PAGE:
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Name: People v. King
Case #: B210909
Court: CA Court of Appeal
District 2 DCA
Division: 1
Opinion Date: 04/16/2010

Under Evidence Code section 1101, subdivision (b), a prior sexual offense may be admissible to prove intent as to acts currently charged. While employed as a police officer with a school district, appellant stopped a young woman for a minor traffic offense and, under the pretext of a search for weapons, sexually assaulted her. Appellant was convicted of five counts of sexual assault. At trial, evidence had been presented that appellant had previously acted inappropriately with a female student at a school to which he had been assigned. The evidence was offered for the purpose of establishing appellant’s intent as to the instant offenses. The appellate court agreed that the admission of the evidence was error. Evidence of a prior uncharged offense for the purpose of proving intent as to the current offense is admissible only if the prior act is sufficiently similar to the charged offense to support a rational inference that a defendant probably harbored the same intent on both occasions. Further, the evidence of the prior act is relevant and, thus, admissible, only if the present act is conceded or presumed. Here, because the acts were dissimilar and appellant denied that he had committed the current offense, the evidence as to the prior was inadmissable. But because of the uncontradicted and overwhelming evidence as to the current offense, the error was harmless.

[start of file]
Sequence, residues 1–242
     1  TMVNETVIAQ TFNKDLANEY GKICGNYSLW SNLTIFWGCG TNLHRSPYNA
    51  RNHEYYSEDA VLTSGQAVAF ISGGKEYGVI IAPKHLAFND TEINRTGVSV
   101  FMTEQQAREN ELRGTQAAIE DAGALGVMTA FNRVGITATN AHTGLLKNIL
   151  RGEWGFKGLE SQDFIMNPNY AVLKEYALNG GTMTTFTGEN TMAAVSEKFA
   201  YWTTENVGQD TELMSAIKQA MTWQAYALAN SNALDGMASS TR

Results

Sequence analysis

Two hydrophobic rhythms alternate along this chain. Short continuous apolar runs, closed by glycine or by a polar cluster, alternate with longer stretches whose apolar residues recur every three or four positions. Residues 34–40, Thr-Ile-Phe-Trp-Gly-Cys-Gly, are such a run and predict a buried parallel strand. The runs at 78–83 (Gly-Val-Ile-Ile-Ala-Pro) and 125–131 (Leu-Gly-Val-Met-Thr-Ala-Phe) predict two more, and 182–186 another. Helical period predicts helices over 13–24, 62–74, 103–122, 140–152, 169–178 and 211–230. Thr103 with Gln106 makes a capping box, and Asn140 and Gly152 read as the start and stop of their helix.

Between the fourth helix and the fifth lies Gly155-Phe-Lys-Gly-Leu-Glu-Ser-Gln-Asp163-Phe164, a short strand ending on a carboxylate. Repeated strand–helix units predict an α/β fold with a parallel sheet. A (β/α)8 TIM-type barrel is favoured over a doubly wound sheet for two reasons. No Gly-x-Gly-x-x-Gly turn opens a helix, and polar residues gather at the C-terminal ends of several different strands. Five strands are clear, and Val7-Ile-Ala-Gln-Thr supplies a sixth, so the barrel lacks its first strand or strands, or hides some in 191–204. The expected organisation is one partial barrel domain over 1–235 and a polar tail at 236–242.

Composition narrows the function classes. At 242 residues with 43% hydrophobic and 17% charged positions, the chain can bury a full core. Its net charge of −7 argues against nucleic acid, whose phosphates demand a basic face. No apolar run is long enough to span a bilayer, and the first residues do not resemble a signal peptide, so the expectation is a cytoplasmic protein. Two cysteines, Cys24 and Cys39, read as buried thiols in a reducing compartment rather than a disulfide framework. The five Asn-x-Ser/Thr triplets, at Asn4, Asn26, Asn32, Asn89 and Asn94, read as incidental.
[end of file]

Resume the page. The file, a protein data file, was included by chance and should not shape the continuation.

In a case involving an alleged forcible sexual assault, consent is defined in Penal Code section 261.6. Appellant argued that the trial court should have instructed the jury to use an objective standard to evaluate whether the victim had consented to the “search,” i.e., whether it was objectively reasonable that appellant believed she consented when she did not resist. The appellate court rejected the argument, finding that in sexual assault cases, the issue is whether the victim acted freely and voluntarily in an exercise of free will and cooperation, and that the jury here was properly so instructed.